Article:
What about non-binary trans people, though? What’s their structural relation to patriarchy, where do they fit in this trigender model, and what’s the most accurate descriptive statement about them? I apply the same answer here as with everyone: “their gender is whatever their structural place in patriarchy is”. So if non-binary people are “non-binary”, it’s not because of their identity, but to the degree that they are placed outside of the binary by society (i.e., the degree to which they are gender outlaws). Of course asserting an identity like “agender” can make one a target for being outlawed, but this doesn’t make “agender” really exist from a non-erotic point of view because “agender” is not a discrete way of being gendered and placed into the gender hierarchy by patriarchy. While the vast majority of people saying that they are “women” or “men” engage in every bit as much gender eroticism as non-binary people do, “woman” and “man” coincidentally happen to exist from a non-erotic point of view, and by and large the people who identify as one of the de jure genders also tend to actually be placed into that position within the gender hierarchy by society, just because patriarchy tries hard to cultivate an “appropriate” gender identity in everyone.

Note that when we talk about “non-binary”, it would be eurocentric to attempt to apply that term to societies/contexts that have more than two (de jure) genders. “Non-binary” is only applicable to a society/context where there is a de jure binary to define itself against; it’s a relative term for a relative concept. If a given society had genders X, Y, and Z, then the equivalent term to “non-binary” in that society would be “non-trinary”. All three genders, X, Y, and Z would exist from a non-erotic point of view within that society, just because that’s how people in that society can get gendered, meaning that those genders are objective positions within the gender hierarchy of that society/context. Taking a tri-gender gender system and putting it into a diagram, just for an example, we might end up with something that looks vaguely like the following:

A rough measure of how patriarchal any given society is can be found in the relative size of the “gender outlaw” gender versus officially sanctioned (de jure) genders (this won’t apply in all cases, but should be true in the aggregate). In some societies the de jure genders take up much more space relative to the gender outlaw gender, meaning less people are forced to be outlaws, and more people can exist as one of the less oppressed de jure genders. Other types of less patriarchal societies, instead of having each de jure gender take up more space, will instead have more de jure genders, with the same end result — that the society is more forgiving of gendered difference because the range of non-outlawed positions within the gender hierarchy is larger.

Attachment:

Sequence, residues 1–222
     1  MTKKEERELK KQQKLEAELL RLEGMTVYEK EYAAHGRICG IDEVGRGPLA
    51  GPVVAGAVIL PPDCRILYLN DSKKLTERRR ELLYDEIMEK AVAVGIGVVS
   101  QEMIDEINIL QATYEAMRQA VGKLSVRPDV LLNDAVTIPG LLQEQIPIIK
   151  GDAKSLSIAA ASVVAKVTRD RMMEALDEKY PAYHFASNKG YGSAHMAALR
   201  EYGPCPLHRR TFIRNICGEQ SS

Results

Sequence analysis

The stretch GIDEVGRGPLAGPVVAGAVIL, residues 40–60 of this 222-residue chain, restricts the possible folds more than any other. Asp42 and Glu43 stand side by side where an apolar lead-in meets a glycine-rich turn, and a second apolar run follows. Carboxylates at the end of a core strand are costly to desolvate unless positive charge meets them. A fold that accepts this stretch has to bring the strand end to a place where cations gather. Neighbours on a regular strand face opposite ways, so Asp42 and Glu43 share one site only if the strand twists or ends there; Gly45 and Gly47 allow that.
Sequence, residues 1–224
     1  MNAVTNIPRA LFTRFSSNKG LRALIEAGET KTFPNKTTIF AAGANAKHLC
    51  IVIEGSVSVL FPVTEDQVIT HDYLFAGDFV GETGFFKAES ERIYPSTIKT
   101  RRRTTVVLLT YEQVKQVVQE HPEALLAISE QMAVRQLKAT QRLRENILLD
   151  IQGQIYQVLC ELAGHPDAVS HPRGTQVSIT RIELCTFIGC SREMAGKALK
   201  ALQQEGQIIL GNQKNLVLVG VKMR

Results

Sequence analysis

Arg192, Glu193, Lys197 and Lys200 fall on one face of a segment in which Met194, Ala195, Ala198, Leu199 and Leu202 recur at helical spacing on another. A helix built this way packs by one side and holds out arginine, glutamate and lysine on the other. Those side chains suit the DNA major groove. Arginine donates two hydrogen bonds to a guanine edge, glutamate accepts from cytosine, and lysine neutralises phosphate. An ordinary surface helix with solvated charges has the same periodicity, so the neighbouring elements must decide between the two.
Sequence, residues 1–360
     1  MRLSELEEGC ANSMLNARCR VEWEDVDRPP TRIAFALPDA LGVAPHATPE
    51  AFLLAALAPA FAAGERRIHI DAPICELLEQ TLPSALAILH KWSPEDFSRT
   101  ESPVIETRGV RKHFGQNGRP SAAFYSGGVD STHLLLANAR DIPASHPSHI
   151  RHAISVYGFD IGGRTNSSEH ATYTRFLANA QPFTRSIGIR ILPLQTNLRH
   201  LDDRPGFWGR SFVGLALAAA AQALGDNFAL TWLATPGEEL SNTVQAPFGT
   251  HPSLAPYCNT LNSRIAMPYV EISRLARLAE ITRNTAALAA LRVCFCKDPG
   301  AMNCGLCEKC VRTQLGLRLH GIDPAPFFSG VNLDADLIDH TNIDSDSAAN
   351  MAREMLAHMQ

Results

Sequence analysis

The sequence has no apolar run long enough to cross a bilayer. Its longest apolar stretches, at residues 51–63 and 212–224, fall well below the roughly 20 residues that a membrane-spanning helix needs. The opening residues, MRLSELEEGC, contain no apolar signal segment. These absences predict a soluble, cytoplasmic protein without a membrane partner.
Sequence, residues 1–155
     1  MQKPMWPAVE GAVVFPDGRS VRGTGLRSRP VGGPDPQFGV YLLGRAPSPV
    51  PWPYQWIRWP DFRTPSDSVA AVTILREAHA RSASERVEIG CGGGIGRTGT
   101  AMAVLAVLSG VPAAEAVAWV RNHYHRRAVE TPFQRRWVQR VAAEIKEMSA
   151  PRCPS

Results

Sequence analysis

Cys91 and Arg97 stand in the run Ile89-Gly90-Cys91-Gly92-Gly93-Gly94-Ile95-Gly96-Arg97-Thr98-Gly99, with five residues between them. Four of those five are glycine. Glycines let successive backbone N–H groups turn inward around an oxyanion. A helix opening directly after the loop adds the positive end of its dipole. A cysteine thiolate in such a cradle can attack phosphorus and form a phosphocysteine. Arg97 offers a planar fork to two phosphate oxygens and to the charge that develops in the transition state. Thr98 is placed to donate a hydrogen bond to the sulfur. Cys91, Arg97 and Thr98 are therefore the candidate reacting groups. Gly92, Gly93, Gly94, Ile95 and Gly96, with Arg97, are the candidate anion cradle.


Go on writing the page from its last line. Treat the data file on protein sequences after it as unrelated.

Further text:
・ ・ ・

Ultimately, turning gender into a subjective matter, making it something based not on society but on oneself and one’s feelings, is nothing but misogyny. “Woman” and “man” are concrete positions within a social hierarchy, but when we eroticise gender we confuse this. We end up obscuring the functioning of patriarchy, naturalizing gender, and falling to bourgeois individualism. Eroticising gender inevitably leads to reformism because if gender is an identity, not a relation to patriarchy, then “gender is an inevitable occurrence because it must have existed before patriarchy”, and so the best we can do is “reform gender, because gender will never disappear”. To justify gender reformism, perhaps the most highly developed gender eroticist, Judith Butler, says:

[G]ender can be very important to us, and some people really love the gender that they have claimed for themselves. If gender is eradicated, so too is an important domain of pleasure for many people. And others have a strong sense of self bound up with their genders, so to get rid of gender would be to shatter their self-hood.3

Using pleasure as a metric for legitimacy under patriarchy is ceeding ground to patriarchy because patriarchy constructs pleasure in its own image. In the manufacturing of consent to patriarchy of the participants, patriarchy requires that women enjoy their own domination. Although most feminists don’t like to admit this, significant numbers — somewhere in the 31% and 57% range — of women have rape fantasies.4 They get themselves off on the idea of male ownership of their bodies. They treat what is perhaps the purest expression of patriarchy as something pleasurable, as erotic, as a nice fuck. Why, then, should we be surprised when people treat gender itself as something similar to a “nice fuck”? When the person-object who’s gendered and acted upon by the patriarchy-subject starts enjoying their own objectification (in both senses of the word), then that’s to be expected because it’s just how intimacy functions.

As MIM quite rightly pointed out: